An Israeli violinist, born in Tel Aviv on 16 July 1948; he studied at the Juilliard school, where he shared a prize with Kyung-Wha Chung, and made his New York and London débuts in 1969. Noted for the purity and brilliance of his tone, he often performs in partnership with Itzhak Perlman and Daniel Barenboim. He also does some conducting and plays the viola too. Zukerman was music director of the St. Paul Chamber Orchestra, in Minnesota, in the 1980s.

The ch in Pinchas is the Hebrew sound as in chutzpah.

To add to Gritchka's write-up, Pinchas Zukerman, violinist, violist, conductor, pedagogue and chamber musician, was appointed Music Director of the National Arts Centre Orchestra in Ottawa, Canada in April 1998. He leads the 46-member, classical-sized ensemble, and has taken an active interest in Ottawa’s artistic community, including initiating a young artists program. He led the orchestra on a cross-Canada tour, and also took them to the Middle East, where a group of the members, including Israeli-born Zukerman, held master classes at a music conservatory in Ramallah, within the Palestinian National Authority on the West Bank. Nearly every NAC Orchestra concert begins with Zukerman and orchestra musicians in pre-concert chamber music performances.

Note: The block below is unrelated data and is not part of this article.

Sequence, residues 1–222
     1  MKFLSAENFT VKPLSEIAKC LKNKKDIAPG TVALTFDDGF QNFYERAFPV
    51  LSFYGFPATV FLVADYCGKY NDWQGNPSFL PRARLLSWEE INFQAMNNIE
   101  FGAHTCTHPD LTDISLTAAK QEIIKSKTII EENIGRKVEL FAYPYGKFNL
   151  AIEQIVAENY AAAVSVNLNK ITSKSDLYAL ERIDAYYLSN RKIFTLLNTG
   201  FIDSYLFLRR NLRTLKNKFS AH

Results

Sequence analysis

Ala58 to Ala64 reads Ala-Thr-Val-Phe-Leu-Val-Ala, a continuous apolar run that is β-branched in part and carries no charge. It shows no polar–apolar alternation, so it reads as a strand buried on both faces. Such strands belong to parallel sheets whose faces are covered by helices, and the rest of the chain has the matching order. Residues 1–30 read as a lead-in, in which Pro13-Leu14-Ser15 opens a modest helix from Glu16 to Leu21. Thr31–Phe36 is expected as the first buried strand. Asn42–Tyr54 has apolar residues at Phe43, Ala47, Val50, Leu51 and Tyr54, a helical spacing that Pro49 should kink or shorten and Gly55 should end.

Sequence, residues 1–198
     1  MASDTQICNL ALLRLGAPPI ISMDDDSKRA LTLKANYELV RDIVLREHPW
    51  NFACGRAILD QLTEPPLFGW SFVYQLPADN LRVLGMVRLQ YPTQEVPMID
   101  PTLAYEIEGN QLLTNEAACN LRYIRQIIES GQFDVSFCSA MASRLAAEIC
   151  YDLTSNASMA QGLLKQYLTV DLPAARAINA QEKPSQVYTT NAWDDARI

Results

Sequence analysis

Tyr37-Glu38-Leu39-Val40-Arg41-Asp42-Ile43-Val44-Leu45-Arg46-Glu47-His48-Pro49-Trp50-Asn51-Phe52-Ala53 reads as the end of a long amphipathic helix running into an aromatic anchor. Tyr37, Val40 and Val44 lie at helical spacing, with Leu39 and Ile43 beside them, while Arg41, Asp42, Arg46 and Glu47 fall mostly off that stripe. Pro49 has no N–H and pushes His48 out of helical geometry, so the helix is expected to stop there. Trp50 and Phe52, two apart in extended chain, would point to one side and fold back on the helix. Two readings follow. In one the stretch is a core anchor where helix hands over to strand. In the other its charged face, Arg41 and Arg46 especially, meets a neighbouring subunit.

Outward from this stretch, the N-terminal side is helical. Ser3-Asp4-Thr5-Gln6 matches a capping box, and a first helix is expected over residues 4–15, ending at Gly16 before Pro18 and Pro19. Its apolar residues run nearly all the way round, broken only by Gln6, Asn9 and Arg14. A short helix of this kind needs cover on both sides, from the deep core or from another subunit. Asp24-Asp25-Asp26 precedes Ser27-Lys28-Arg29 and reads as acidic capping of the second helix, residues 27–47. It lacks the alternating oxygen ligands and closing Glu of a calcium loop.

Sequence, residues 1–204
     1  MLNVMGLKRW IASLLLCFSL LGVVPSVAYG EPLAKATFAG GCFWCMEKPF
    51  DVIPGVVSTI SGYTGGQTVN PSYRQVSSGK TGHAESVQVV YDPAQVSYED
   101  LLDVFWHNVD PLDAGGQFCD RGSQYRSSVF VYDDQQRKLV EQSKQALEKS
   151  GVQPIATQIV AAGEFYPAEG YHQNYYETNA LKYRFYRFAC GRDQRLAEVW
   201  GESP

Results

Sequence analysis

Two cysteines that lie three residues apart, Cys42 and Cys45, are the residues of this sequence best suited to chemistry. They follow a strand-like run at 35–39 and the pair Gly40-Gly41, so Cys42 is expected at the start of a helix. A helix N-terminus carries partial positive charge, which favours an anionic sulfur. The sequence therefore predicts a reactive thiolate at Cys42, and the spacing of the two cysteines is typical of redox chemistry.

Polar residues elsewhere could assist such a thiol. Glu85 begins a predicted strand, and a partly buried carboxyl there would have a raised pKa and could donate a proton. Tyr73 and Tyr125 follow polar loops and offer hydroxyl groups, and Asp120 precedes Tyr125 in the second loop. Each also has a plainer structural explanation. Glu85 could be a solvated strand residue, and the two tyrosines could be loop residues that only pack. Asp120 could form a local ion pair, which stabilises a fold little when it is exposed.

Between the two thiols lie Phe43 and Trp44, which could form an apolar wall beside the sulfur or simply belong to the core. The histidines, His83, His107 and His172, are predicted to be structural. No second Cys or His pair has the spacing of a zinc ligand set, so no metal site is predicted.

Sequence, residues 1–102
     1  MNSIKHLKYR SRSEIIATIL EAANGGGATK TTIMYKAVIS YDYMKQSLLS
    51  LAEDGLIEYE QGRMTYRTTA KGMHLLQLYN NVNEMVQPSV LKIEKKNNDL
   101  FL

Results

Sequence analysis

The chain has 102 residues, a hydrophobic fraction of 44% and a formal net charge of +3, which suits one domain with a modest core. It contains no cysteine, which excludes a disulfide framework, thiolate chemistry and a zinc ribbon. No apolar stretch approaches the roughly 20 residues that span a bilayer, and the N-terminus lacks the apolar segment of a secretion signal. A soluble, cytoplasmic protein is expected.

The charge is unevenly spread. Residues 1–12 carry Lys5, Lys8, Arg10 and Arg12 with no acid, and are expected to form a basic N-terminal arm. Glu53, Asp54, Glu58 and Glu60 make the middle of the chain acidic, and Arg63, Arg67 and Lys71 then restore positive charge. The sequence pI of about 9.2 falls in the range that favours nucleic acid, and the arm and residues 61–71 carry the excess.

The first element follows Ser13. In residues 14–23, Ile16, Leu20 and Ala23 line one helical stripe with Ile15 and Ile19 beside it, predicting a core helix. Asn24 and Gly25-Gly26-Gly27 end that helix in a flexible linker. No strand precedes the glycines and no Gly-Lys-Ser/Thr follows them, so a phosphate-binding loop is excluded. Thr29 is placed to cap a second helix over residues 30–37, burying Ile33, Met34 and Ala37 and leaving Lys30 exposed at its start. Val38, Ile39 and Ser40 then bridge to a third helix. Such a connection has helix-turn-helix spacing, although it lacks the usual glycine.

Besides his position with the NAC, he is Artist in Residence of the Milwaukee Symphony Orchestra, Music Director of the Ilona Feher Music Center in Holon Israel, and chair of the Pinchas Zukerman Performance Program at the Manhattan School of Music. His dizzying schedule also includes appearances around the world as a guest conductor, soloist, and chamber musician. Not surprisingly, he has pioneered the use of distance-learning technology in the arts in order to be able to instruct his students while travelling and performing.

Zucherman has won two Grammy awards (after 21 nominations); his violin-playing can be heard on the film soundtracks "Prince of Tides" and "Critical Care". He holds an honorary doctorate from Brown University and an Achievement Award from the International Center in New York. He was presented with the King Solomon Award by the America-Israel Cultural Foundation and, in 1983, Ronald Reagan gave him a Medal of Arts for his musical leadership. With his first wife Eugenia he had two daughters, Arianna and Natalia; his second wife was actor Tuesday Weld, though I believe they've now split up. Thanks exceptinsects, who roomed with Natalia in college, for this.

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